January is National Eye Care Month. Started by optometrists and ophthalmologists in order to promote healthy vision, National Eye Care Month is particularly important to women experiencing mental health issues.
A 2006 study reported that 61 percent of psychiatric patients experience impaired visual acuity. It revealed that patients commonly experience blurred vision, headaches and periorbital pain. However, many mental health patients neglect to seek medical help.
Many women suffering from anxiety, depression or other mental health issues isolate themselves and neglect to take care of their lives relating to the outside world: medical appointments go ignored, bills go unpaid, friends go unnoticed. This, in turn, adds physical discomfort and medical danger to the list of risks resulting from the mental illness, further endangering a woman’s mental health.
In addition to being reluctant to seek medical care, many women with mental health issues have coping habits that are detrimental to healthy vision. Poor nutrition, smoking, alcohol consumption and lack of exercise can all lead to vision problems.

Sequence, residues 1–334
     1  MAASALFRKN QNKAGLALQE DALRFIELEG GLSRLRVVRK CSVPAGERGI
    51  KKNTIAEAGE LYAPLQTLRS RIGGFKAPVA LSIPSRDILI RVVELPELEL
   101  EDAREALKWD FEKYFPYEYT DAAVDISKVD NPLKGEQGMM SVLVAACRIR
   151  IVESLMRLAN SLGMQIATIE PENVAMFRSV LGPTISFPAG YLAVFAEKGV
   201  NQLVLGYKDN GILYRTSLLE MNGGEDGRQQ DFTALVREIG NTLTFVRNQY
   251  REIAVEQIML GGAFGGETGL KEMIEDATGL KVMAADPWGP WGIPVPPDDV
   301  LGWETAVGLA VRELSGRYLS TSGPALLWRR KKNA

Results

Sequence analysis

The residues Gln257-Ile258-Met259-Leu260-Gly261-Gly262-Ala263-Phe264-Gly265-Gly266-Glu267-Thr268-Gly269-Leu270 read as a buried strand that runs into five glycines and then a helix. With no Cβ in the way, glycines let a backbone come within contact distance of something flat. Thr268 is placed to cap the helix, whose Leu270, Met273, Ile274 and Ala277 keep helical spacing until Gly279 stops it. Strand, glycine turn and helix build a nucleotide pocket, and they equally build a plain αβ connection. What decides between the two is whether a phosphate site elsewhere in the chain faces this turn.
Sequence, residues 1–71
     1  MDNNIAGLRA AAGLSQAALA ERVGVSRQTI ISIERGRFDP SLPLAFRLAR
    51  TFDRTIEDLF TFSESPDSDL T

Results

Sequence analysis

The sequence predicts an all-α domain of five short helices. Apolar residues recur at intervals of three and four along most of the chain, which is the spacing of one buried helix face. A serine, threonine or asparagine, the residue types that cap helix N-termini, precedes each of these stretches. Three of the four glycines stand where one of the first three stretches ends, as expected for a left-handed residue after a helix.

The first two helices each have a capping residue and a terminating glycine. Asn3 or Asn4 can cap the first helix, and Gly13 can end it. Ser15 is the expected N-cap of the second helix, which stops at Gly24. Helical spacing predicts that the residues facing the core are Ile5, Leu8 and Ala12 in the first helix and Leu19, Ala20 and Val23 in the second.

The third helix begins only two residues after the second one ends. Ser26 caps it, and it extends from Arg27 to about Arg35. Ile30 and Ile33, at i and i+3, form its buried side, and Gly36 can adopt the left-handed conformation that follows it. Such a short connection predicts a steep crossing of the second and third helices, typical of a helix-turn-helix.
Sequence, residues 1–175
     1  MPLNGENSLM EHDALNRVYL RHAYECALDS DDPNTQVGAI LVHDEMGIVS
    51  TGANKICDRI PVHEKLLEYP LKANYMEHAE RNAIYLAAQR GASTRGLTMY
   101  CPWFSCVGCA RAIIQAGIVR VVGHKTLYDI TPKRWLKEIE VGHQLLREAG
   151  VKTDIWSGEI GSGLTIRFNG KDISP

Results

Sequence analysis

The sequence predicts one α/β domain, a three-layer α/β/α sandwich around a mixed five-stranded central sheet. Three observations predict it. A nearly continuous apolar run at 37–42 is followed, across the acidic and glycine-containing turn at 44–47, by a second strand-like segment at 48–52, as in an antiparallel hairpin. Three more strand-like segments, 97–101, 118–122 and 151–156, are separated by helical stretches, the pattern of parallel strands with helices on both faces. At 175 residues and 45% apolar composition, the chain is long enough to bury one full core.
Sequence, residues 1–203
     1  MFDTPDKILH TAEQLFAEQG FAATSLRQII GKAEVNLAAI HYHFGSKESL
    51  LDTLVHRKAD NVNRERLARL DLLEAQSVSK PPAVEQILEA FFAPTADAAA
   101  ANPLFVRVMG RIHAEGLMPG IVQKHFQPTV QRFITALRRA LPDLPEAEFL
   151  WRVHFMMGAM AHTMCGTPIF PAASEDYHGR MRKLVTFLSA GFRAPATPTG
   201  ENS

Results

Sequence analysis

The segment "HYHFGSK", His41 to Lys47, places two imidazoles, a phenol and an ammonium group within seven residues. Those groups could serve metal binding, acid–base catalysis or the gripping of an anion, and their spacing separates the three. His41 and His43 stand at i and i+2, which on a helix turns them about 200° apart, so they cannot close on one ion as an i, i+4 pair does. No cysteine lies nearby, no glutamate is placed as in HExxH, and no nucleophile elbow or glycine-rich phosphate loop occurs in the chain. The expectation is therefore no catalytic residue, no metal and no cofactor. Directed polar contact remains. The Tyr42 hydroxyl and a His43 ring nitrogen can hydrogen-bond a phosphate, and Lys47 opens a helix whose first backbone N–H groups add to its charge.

Whether because coping behaviors have endangered their eye health or because they have neglected to take care of an existing problem, women with mental health issues may have eye problems that require medical care.
When women feel physically well, they are better able to focus on mental wellness. Medical health is an essential part of the recovery process from mental illness, and should be included in every recovery plan. A comprehensive medical plan includes yearly eye exams and removes potential physical threats to mental recovery, creating the foundation for sustained mental wellness.